As a result of the election in November last, the state senate consisted of 22 democrats and 16 republicans. In the house there were 52 republicans, 46 democrats, and 2 populists. On joint ballot the two old parties were thus ties, with 68 votes each, the balance of power being held by the two populists, one of whom had republican, the other democratic, proclivities. Seventy votes were necessary to elect. Senator Blackburn was the democratic candidate, to succeed himself. The first republican candidate, Dr. W. Godfrey Hunter, withdrew from the contest; and his successor, St. John Boyle, was not a sufficiently strong "sound-money man to command the support of the sound-money" democrats, who scattered their votes.


The republican house attempted to seat a republican (W. G. Dunlap) who contested the seat of a democrat (Mr. Kaufman); and, in spite of Dunlap's formal withdrawal from the contest, declared him elected, the democrats having withdrawn from the house. This, with the aid of one of the populists, would have insured the election of Mr. Boyle, the republican candidate, had nothing else happened. But the democratic senate at once proceeded to unseat two republican senators (James and Walton), who refused to be unseated.

The bitter partisan feelings of the rival factions culminated in several violent scenes which threatened bloodshed, and the situation became so serious that on March 15 the Lexington company of the state guard was ordered to Frankfort, and the following day Governor Bradley called out also several hundred men of the 1st and 2d regiments to preserve the peace. The presence of the troops about the capitol averted further disturbances; but the deadlock remained unbroken, and the session closed, as stated, with the vacancy in the federal senate unfilled.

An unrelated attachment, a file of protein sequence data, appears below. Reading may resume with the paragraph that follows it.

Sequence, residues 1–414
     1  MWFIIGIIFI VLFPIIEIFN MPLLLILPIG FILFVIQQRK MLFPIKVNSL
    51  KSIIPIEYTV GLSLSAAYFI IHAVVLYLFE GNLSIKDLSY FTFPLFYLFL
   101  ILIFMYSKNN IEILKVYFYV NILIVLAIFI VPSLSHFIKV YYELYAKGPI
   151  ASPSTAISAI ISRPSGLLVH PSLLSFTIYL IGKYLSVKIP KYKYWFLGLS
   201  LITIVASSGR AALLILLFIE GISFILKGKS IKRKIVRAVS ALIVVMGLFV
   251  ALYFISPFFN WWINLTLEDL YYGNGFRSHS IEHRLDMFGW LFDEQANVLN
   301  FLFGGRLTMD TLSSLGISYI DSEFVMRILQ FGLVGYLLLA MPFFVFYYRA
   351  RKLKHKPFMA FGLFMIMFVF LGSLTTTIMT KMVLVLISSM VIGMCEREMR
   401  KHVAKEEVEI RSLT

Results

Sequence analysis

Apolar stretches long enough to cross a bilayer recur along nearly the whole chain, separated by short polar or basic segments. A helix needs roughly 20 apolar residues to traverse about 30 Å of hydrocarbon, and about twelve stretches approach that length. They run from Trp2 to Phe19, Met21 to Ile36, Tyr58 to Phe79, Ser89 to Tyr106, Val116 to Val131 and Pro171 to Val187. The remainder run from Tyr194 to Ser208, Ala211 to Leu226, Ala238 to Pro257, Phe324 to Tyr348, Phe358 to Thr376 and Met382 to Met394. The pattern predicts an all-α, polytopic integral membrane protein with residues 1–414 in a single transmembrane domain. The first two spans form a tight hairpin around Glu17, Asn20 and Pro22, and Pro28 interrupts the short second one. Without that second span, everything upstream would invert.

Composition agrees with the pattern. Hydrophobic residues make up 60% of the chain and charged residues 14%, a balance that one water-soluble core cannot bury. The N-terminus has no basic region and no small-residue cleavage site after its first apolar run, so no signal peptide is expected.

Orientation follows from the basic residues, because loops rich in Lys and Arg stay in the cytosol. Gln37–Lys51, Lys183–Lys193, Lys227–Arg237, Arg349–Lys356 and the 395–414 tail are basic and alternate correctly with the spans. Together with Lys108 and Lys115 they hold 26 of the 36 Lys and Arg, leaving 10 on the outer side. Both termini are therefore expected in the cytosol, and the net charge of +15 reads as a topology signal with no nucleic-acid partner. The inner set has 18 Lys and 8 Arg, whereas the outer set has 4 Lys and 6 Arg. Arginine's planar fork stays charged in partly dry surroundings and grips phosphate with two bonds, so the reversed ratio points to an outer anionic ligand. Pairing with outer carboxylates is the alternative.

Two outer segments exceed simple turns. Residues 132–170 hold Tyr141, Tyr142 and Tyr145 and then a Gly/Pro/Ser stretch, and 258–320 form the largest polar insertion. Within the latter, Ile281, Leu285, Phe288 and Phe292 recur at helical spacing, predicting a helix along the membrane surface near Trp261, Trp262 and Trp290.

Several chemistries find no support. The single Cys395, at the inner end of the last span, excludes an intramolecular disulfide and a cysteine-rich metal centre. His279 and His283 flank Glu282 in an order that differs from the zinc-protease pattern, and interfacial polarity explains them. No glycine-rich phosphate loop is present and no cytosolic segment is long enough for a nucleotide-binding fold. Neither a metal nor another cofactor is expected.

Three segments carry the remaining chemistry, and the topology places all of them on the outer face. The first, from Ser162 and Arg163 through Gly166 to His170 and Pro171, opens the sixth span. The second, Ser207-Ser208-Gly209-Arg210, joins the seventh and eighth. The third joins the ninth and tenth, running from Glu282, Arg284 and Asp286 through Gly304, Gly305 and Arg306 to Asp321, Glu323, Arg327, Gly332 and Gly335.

Massachusetts.-The republican state convention of Massachusetts, which met in Boston on March 27, adopted a platform favoring, besides other things, protection, "sound money," and the nomination of Thomas B. Reed of Maine for the presidency. The financial plank was as follows:

"We are entirely opposed to the free and unlimited coinage of silver, and to any change in the existing gold standard, except by international agreement. Each dollar must be kept as good as every

other dollar. The credit of the United States must be maintained at the highest point, so that it cannot be questioned anywhere, either at home or abroad. Every promise must be rigidly kept, and every ob ligation redeemable in coin must be paid in gold.”

Minnesota. The republican state convention met at Minneapolis March 24. The platform emphasized the Monroe doctrine, called for the restoration of the principle of reciprocity, and indorsed the nomination of Governor McKinley for the presidency. The financial plank was as follows:

We favor the use of both gold and silver to the extent to which they can be maintained in circulation at the parity in purchasing and debt-paying powers; we are earnestly opposed, under the present restrictions, to the free and unlimited coinage of silver, for the manifest reason that it would destroy such parity, enormously contract the volume of currency by forcing gold out of circulation, and immediately place us on a silver basis. Believing that it is a self-evident fact that the effect of the international demonetization of silver can be. overcome only by international remonetization of that metal, the re